• Jeffro says:

      Let’s see… combines humor, drunkenness, brutality, and a steadfast willingness to sacrifice everything for principle even in a lost cause. Sounds like a run of the mill Scotch-Irish to me!

  • pdwalker says:

    I read a brief blurb by REH where he talked about his character. My memory is sketchy, but it was something like, he wanted a character that didn’t have to be clever, instead when faced with a tough problem, the character could just hack his way out of it.

    In the earlier stories, Conan did, but as the stories unfolded, you could see just how intelligent the character really was.

    I wish I could remember where I read it.

    • Jeffro says:

      Howard is the American Tolkien. Both authors wrote of the simple being exalted above the wise and the pure in heart triumphing over corruption. Hobbits and Cimmerians are both quintessentially rural peoples.

      • Daniel says:

        Yup. I wrote a novel about a rural factory worker who is unemployed but refuses to travel beyond his roots, because those roots need a defender, and he’s the only one who shows up. He is inspired by his childhood obsession with the character of Conan to go into the catacombs and attempt the impossible.

        Zero odds, no shields of urban society, a sensibility that blends doom and good humor. That’s Conan.

  • Daniel Eness says:

    …we never quite get a complete picture of his origins.

    This is the primary rule of Conan that the movies violate to their own detriment. The ’81 movie actually presented an origin in an interesting way, but it was still to the detriment of the character from the books. The “new” Conan movie committed suicide right off the bat with not only a Conan-robbing origin story, but a lame one.

    Conan stories always start in the middle of things. That’s why the movies aren’t Conan stories.

    • Jeffro says:

      Now that I’ve read the original stories, I have to agree.

      Given how well Heath Ledger’s Joker came off, I really wish that Conan could have gotten similar treatment.

      • Scooter says:

        Love this article Jeffro.

        Man, the new Conan movie sucked. Too bad, because I liked Jason Mamoa as Khal Drogo on Game of Thrones.

        A new Conan movie is being written now — The Legend Of Conan — and it’s set to star Schwarzenegger in the aging King Conan mold, as he goes out on one last adventure.

  • The CronoLink says:

    Beautiful retrospective. No wonder Tolkien had a good opinion on Conan stories.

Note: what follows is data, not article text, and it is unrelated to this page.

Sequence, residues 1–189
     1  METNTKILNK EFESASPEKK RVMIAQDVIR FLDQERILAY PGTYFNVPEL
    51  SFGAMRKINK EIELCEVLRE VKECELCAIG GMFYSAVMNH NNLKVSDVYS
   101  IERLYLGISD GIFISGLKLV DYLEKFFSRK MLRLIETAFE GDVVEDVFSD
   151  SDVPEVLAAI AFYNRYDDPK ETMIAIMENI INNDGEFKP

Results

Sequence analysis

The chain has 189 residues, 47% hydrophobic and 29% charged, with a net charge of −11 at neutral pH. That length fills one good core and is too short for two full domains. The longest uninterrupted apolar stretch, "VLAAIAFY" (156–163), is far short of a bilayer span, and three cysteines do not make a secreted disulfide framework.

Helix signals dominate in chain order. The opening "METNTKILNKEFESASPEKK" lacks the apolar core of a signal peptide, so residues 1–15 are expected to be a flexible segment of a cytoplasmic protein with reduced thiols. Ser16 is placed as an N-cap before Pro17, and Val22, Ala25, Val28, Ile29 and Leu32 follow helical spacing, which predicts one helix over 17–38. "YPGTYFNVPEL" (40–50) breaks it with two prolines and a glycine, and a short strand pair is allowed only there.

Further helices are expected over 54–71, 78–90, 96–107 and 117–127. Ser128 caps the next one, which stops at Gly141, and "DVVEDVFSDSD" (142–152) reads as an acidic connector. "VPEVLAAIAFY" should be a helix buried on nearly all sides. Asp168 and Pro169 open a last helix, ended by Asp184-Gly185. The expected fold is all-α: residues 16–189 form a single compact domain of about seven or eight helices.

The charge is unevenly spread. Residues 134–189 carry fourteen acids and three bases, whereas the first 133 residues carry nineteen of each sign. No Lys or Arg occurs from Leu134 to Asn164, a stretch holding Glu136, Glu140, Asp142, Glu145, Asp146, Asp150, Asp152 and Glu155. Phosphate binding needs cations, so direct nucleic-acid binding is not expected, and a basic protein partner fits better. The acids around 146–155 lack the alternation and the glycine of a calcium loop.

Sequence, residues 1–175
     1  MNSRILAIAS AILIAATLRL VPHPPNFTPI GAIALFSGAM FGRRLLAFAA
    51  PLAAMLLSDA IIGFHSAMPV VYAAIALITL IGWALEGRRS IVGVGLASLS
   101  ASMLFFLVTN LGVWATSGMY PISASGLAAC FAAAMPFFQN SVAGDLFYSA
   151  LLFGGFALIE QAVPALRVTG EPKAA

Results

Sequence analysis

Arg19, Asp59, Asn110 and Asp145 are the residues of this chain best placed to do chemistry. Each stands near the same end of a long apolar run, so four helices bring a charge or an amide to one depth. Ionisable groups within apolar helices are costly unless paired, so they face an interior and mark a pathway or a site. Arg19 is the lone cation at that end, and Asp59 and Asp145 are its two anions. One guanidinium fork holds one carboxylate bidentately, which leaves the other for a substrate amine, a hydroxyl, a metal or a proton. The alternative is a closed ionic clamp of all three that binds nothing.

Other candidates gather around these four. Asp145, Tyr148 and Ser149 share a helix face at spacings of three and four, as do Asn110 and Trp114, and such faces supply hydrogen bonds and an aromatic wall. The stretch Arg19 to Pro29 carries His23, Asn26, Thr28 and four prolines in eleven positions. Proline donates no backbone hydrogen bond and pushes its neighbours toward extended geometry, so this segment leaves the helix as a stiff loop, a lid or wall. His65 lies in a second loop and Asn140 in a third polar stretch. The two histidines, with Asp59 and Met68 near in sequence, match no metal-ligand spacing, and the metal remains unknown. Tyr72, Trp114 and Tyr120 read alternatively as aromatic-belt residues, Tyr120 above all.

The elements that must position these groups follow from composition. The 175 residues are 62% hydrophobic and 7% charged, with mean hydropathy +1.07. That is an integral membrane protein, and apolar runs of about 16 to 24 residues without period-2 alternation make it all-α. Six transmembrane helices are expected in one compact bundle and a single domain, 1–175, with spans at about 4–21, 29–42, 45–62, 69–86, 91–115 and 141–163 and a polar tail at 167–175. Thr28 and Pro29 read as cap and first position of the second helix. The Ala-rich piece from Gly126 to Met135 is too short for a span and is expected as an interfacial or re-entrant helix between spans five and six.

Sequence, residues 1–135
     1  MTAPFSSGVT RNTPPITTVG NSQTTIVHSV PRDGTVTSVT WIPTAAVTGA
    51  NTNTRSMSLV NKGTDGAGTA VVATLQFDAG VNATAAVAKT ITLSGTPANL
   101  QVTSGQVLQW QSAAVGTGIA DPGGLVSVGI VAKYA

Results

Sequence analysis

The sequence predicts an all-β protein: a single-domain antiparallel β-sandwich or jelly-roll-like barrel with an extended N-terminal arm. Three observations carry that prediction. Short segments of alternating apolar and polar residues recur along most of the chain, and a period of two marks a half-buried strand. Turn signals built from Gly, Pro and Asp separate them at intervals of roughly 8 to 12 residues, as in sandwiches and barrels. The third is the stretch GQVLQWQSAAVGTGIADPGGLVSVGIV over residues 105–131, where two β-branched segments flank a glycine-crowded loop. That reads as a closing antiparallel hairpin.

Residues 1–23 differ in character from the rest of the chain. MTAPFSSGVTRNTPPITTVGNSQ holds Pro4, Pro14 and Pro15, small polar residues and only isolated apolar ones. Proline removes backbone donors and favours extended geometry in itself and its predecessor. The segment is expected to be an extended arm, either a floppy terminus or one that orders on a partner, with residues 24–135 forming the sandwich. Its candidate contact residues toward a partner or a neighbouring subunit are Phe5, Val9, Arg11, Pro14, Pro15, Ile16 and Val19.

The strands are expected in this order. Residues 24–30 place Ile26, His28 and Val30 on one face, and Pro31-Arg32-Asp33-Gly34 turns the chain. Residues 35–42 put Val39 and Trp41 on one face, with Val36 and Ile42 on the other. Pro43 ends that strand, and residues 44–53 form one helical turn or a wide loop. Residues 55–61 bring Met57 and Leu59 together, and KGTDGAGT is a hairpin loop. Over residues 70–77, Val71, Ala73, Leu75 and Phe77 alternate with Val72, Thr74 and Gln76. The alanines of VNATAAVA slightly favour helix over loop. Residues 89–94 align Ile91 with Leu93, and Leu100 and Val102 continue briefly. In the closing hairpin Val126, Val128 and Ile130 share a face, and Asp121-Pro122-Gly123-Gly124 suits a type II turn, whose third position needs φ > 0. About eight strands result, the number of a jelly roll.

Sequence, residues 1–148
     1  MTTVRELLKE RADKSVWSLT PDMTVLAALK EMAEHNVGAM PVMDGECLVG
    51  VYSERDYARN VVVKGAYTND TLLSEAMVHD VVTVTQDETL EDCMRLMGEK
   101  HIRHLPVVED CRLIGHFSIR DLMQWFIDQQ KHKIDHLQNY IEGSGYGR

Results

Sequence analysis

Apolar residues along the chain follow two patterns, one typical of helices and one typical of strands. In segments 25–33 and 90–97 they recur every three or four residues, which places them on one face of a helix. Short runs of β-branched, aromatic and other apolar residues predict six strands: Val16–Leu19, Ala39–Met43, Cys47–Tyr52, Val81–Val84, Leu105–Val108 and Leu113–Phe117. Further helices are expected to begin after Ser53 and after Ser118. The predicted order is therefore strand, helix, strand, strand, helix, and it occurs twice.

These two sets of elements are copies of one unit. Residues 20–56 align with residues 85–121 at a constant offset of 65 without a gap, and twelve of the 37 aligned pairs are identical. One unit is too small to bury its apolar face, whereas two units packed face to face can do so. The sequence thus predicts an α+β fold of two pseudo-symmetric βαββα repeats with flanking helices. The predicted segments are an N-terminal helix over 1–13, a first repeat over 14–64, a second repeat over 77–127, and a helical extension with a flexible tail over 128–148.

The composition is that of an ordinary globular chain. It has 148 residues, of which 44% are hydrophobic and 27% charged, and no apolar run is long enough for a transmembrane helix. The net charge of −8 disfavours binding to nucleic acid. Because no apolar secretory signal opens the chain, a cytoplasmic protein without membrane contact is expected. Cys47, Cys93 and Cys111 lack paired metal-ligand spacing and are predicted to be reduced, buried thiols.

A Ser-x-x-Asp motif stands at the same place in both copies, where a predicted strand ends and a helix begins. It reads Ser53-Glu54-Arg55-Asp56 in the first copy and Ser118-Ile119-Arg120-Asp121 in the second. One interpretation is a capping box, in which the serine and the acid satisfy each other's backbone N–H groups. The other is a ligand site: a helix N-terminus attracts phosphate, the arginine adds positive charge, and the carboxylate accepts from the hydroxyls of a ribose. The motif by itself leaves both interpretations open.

• Jeffro says:

      I missed that he had said anything about them. Was it in one of his private letters? Ah, here it is, de Camp’s book Literary Swordsmen and Sorcerers:

      “We sat in the garage for a couple of hours, smoking pipes, drinking beer, and talking about a variety of things. Practically anything in English literature, from Beowulf down, Tolkien had read and could talk intelligently about. He indicated that he ‘rather liked’ Howard’s Conan stories.”

  • Cirsova says:

    Though I haven’t read much Conan, he’s always struck me as based more on the ancient pre-christian heroic paradigm rather than the medieval chivalric, the latter of which is much more prominent in modern fantasy. He’s no Knight of the Rose, but a Samson.

    • Jeffro says:

      Though his rags-to-riches rise from obscurity parallels biblical personages like Daniel and David, the actual tone of his characterization strikes me as having more in common with what I’ve read in Herodotus. But yes… while he has a bizarre “gentleman” streak that seems to come out of nowhere, his actions do not smack of chivalry.

      • Daniel says:

        I always thought of him as a Samson type: the last good Judge in a world gone mad. The fact that he favored no weapon in particular made it seem like he could wield the jawbone of a mule as easily as an Aquilonian broadsword.

  • daewus says:

    Good post. I would like to add that even the Stygian worship of Set does not ultimate come out purely as an evil thing. Some of the other stories in other volumes give some glimpses into this.

  • Stephan Beal says:

    “His only redeeming quality is the fact that he gives men courage and the will and might to kill their enemies.”

    It’s important to note that Crom does that only once – at birth. He doesn’t do it on demand. Conan (in the words of Roy Thomas) swears in Crom’s name, but does not pray to him because, “why pray to a god which does not listen?”

  • […] or even the volumes as a whole, really.  You’ve probably read the Howard stories and Jeffro’s Retrospective post (if you haven’t, stop reading this and do both).  I will save the reviews for the […]

  • […] or even the volumes as a whole, really.  You’ve probably read the Howard stories and Jeffro’s Retrospective post (if you haven’t, stop reading this and do both).  I will save the reviews for the […]